Tuesday, March 17, 2015

Trump's Big Pour and Prairie Material Yard #32


(Update: The foundation for the center pier of the Miami Signature Bridge used over 500 truckloads and took 33 hours using five concrete mixing plants.)

The 92-story Trump Tower in Chicago was the world's tallest concrete-reinforced building when it was completed. It is built on a "mat" --- a steel-reinforced 200x66x10-foot monolith of 5,000 cubic yards of self-consolidating concrete (SCC) that was continuously poured in 22 hours by 30 9-yard trucks making 550 trips from Prairie Material Sales near Chicago and Halsted. (I notice from the satellite image that they receive materials via barge.) This was the first use of a new cooler, thicker concrete mix that supports 10,000 psi at 56 days instead of the customary 7,000 psi. For this reason chemists were on hand to test the concrete's consistency and temperature through out the pour in a makeshift laboratory. Two conveyor belts were used to double the pouring capacity.

(Update: I'm saving images of Yard 32 because industry is being kicked out of the North Branch area.)

Street View
Screenshot @ 0:16
[This video is a towboat tour of the North and South Branches starting north of the Division Street Bridge and ending south of Harrison Street Bridge.]

Carlos Ferran posted, used with permission
UP 1430 leads YNO68 north to North Ave. Yard with a generous count of 6 high cube boxcars from Tribune. Taken from high above River West.
Jan 2, 2020.

The 5,000 yards is a small percentage of the 180,000 total needed by the building. But the rest was poured in smaller sections using concrete pumps. A custom-built pump imported from Germany was used to handle the uppermost stories because so much force was needed to push the concrete that high.

Chicago has had a history of record holding reinforced concrete buildings.
  • 1964: the two 60-story Marina City towers
  • 1990: 64-story Prudential Plaza, but just for a few months
  • 1990: 65-story building at 311 South Wacker Drive
  • 2009: 92-story Trump Tower
(October 3, 2005 ChicagoTribune) PRWEB has some updated numbers: 4,600 instead of 5,000 yards, three conveyors instead of two, and 500 trips instead of 600.

Prarie's Yard 32 has dual central mix plants on site. The distance to the site would not be far enough to mix the concrete in the trucks. The trucks did not use the most direct route so that they could avoid driving within a few feet of an outdoor restaurant on a Friday night. (PRWEB)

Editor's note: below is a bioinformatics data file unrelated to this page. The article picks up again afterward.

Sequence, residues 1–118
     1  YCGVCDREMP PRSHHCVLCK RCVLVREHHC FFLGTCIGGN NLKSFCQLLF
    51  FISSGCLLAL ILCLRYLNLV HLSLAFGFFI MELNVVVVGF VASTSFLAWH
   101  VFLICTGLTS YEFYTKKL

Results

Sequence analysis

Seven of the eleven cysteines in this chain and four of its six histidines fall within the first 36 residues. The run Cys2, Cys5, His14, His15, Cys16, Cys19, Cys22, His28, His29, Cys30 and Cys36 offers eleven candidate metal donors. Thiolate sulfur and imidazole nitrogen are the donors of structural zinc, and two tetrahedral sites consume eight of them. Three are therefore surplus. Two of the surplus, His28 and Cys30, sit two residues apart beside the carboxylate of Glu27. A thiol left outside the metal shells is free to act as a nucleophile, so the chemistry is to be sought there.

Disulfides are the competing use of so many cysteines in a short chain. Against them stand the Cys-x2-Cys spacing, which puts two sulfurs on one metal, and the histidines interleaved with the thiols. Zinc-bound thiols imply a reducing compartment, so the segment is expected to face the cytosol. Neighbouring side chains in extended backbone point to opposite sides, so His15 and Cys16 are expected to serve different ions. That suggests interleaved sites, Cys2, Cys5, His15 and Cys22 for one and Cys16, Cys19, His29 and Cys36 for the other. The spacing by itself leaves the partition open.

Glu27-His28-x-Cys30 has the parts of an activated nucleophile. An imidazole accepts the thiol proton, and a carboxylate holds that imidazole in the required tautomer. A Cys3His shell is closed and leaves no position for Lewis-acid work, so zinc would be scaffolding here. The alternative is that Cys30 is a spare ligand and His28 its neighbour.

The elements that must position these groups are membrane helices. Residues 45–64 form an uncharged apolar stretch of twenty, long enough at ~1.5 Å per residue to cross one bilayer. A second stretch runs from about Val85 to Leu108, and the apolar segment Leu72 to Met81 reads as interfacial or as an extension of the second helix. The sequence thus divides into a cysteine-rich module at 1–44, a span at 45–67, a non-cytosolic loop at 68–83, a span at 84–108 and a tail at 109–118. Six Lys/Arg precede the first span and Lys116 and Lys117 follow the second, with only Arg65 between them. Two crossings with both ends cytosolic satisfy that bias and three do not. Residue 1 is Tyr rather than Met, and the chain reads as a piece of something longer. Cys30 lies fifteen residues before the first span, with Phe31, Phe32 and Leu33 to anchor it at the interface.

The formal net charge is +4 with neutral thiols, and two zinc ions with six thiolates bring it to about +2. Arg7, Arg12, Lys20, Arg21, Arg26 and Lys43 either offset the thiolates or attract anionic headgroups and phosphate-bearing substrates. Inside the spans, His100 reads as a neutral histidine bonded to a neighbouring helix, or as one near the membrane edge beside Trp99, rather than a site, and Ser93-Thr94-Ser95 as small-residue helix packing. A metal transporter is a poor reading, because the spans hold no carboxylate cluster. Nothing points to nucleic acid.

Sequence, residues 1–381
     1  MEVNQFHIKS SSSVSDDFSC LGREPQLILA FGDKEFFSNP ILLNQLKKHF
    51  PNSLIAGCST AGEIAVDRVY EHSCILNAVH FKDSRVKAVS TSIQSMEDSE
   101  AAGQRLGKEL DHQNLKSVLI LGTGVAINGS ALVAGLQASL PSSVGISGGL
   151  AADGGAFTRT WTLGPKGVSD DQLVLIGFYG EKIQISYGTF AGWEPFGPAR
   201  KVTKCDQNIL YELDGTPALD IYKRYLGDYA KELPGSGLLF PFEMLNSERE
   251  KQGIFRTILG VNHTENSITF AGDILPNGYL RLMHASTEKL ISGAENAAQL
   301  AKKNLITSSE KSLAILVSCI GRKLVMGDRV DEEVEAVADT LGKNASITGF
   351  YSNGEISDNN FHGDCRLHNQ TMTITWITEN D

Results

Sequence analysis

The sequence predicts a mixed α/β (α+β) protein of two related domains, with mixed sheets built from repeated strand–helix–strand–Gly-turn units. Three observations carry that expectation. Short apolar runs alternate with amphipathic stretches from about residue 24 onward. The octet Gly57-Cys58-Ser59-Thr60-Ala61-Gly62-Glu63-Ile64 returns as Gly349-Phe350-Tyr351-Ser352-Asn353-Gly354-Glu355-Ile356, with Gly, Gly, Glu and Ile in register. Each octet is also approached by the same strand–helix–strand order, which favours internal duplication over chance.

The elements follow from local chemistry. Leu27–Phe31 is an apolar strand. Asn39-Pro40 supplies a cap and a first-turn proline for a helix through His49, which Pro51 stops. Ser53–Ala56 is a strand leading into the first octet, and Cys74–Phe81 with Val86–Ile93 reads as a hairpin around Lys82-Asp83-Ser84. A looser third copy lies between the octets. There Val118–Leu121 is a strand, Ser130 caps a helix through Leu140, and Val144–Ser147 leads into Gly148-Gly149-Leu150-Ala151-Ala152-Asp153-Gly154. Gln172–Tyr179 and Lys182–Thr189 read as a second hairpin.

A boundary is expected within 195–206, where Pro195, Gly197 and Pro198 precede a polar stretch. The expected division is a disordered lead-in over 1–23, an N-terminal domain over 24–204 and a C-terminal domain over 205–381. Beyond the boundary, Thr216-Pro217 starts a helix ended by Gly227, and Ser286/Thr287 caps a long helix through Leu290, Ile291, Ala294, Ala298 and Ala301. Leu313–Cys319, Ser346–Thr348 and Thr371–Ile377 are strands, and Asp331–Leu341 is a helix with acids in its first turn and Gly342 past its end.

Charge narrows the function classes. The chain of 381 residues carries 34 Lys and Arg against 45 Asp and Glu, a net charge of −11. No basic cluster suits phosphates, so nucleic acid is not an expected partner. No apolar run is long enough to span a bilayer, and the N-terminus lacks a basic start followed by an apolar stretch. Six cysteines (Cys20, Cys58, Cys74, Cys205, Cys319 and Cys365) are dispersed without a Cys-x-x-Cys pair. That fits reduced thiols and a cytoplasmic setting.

Photo from rotating banner of Prairie
Photo from Prarie's Trump Article

If you can tolerate the narration, Discovery's High Strength Mix Design video shows the unloading of a barge and some of the mixing plant equipment. One point made by the video is that just ounces of five special ingredients are added to a 9-yard batch to create SCC with higher strength and lower temperatures than normal. The video of pouring a slab makes me appreciate the host for Dirty Jobs.

​150 N. Riverside - Courtesy of Riverside
 Investment & Development Company
via Prairie
An article about the 2015 162x47x10 mat pour for 150 N. Riverside Drive (Update: a new link) mentions the extensive testing Prairie did before the pour "to pinpoint the right levels of polycarboxylate-based, high-range water reducer and high-volume cementitious supplements such as fly ash to assure the mix would pump well without segregating." Another advantage of SCC is that it flows around the rebar so that the pour does not need as much vibration. And, unlike the 2009 Trump pour, this pour could be pumped, even in 27 degree temperatures. The mixing plant used boilers to raise the mix temperature to 60 degrees. There is a webcam of the construction site. You can hit a "play" button to see a time-lapse of what has been done so far. (Update: the steel for this building was rolled in Differdange Luxembourg. [AM-sections, p149])

The Trump Tower record should have been broken by a 6,600 yard pour of a mat that is 140 feet in diameter and 11 feet deep that will support a 550 foot emission stack for a $300 million pollution (sulfur dioxide and nitrous oxide) control project for Minnkota (BismarckTribune).

Another Big Continuous Pour

They started with six concrete-pump trucks and 120 ready-mix trucks to pour 1,700 truckloads carrying 13,799 cubic yards of concrete in 20 hours. A truck was arriving every 45 seconds. [HoustonChronical]  Note at -0:12 in this time-lapse video that the big crane seems to be placing a porta-potty in the middle of the new pad.
HoustonChronical, Photo 1

HoustonChronical, Photo 10

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